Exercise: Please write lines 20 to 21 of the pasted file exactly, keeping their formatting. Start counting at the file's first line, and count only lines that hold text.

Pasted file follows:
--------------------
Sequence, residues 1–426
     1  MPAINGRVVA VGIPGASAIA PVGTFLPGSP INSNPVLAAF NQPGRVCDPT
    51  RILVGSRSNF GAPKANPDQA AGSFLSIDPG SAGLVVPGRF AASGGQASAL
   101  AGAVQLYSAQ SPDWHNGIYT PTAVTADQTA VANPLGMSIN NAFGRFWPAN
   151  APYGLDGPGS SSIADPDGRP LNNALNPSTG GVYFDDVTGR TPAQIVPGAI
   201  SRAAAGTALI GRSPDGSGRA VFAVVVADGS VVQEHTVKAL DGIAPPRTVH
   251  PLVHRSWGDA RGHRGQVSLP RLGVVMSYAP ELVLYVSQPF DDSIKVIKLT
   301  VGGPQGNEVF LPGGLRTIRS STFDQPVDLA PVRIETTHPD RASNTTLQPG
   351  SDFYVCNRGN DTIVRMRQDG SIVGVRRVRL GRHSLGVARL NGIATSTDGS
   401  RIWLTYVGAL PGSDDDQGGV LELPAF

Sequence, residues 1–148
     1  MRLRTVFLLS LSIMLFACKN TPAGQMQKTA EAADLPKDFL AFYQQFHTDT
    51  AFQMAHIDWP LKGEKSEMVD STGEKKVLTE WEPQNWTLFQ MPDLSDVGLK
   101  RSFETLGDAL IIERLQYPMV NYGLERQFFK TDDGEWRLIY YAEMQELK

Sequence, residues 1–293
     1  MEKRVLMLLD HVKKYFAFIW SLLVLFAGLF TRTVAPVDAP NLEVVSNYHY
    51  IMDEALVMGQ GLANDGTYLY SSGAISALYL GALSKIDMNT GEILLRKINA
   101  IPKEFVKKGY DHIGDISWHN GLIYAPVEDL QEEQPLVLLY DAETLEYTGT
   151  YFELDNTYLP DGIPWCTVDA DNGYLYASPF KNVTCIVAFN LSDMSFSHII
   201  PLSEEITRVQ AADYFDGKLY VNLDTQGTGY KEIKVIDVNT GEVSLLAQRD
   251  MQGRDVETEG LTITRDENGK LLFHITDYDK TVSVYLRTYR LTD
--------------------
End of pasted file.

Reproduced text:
   201  PLSEEITRVQ AADYFDGKLY VNLDTQGTGY KEIKVIDVNT GEVSLLAQRD
   251  MQGRDVETEG LTITRDENGK LLFHITDYDK TVSVYLRTYR LTD